Novel effects of simvastatin on uterine fibroid tumors: In vitro and patient-derived xenograft mouse model study

Mostafa A. Borahay, Kathleen Vincent, Massoud Motamedi, Elena Sbrana, Gokhan S. Kilic, Ayman Al-Hendy, Darren Boehning

Research output: Contribution to journalArticle

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Abstract

Objective Uterine leiomyomas represent a common gynecologic problem with no satisfactory long-term medical treatment. The purpose of this study is to examine the effects of simvastatin on uterine leiomyoma, both in vitro and in vivo. Study Design This is a laboratory-based experimental study. For in vitro studies, we used human and rat leiomyoma cells. For in vivo studies, we used immunodeficient mice supplemented with estrogen/progesterone pellets xenografted with human leiomyoma tissue explant. Results For in vitro studies, cells were treated with different concentrations of simvastatin for 48 hours. Simvastatin induced dose-dependent apoptosis in leiomyoma cells as measured by a fluorometric caspase-3 activity assay, and inhibited proliferation as demonstrated by an (3-[4,5-dimethylthiazol-2-yl]-2,5-diphenyltetrazolium bromide) assay (both were significant at 5 and 10 μM). In addition, simvastatin decreased Akt signaling pathway phosphorylation as examined using Western blot analysis. For in vivo studies, animals were treated for 28 days with simvastatin (20 μg/gm body weight/day) vs vehicle control. The treatment inhibited tumor growth as measured weekly using calipers and/ or ultrasound (P <.01). Finally, simvastatin decreased expression of the proliferation marker Ki67 in xenograft tumor tissue as examined by immunohistochemistry (P =.02). Conclusion Simvastatin can be a promising treatment for uterine leiomyoma. Further studies, including pharmacokinetic and drug delivery studies, are required.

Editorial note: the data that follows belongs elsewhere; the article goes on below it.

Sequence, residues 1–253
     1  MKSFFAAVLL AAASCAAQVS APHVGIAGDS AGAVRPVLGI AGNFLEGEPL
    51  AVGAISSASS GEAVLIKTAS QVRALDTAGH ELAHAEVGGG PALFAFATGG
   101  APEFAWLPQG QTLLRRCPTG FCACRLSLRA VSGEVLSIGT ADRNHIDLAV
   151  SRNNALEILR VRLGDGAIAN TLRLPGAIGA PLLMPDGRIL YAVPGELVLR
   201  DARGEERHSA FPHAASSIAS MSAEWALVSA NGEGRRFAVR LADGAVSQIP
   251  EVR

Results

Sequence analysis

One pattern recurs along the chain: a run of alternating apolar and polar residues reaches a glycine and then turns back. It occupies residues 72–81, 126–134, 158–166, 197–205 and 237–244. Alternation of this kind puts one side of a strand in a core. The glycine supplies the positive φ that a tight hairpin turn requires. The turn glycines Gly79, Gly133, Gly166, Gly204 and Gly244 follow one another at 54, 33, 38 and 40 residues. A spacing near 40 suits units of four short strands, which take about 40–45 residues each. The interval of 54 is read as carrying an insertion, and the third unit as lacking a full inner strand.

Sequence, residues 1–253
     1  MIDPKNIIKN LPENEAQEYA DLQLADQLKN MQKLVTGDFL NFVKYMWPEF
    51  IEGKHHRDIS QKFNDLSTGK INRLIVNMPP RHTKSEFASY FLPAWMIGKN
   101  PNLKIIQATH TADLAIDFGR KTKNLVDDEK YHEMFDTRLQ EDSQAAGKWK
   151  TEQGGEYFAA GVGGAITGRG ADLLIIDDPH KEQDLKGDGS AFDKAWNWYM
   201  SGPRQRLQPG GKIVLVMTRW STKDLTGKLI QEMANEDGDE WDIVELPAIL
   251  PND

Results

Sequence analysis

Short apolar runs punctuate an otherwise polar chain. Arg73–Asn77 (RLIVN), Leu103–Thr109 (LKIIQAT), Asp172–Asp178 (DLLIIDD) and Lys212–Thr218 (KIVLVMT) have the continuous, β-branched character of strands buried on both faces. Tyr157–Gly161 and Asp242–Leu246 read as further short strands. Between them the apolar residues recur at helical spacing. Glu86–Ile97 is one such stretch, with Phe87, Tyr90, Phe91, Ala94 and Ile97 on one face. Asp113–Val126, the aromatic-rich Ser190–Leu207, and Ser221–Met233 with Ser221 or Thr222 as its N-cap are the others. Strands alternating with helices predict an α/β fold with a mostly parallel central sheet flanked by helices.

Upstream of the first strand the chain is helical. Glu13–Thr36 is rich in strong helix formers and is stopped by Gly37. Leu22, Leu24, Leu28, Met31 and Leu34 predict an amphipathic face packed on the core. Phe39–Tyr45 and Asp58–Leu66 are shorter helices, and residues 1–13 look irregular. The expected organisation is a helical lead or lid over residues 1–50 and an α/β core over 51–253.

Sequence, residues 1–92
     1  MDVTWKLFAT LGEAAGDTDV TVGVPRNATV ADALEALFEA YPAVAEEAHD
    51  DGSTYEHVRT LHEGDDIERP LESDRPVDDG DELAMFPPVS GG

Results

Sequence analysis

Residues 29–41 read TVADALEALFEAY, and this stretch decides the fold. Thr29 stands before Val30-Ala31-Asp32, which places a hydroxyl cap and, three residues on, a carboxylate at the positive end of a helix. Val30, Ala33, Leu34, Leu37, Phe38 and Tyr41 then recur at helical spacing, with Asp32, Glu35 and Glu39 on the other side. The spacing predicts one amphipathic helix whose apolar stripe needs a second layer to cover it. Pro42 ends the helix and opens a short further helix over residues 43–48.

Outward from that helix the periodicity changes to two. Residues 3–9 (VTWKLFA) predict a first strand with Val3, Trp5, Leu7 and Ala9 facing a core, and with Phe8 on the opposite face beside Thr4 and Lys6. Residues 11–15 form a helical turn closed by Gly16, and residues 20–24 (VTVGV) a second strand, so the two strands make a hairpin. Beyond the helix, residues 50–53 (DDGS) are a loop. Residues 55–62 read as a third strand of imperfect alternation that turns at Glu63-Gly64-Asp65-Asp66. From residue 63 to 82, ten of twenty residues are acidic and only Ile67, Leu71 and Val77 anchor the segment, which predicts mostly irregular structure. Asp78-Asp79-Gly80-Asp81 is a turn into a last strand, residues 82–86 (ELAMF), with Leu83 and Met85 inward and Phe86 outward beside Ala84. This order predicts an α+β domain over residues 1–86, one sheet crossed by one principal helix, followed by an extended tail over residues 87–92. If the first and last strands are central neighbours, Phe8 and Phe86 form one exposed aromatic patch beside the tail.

Original languageEnglish (US)
Pages (from-to)196.e1-196.e8
JournalAmerican Journal of Obstetrics and Gynecology
Volume213
Issue number2
DOIs
StatePublished - Aug 1 2015

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Simvastatin
Leiomyoma
Heterografts
In Vitro Techniques
Caspase 3
Progesterone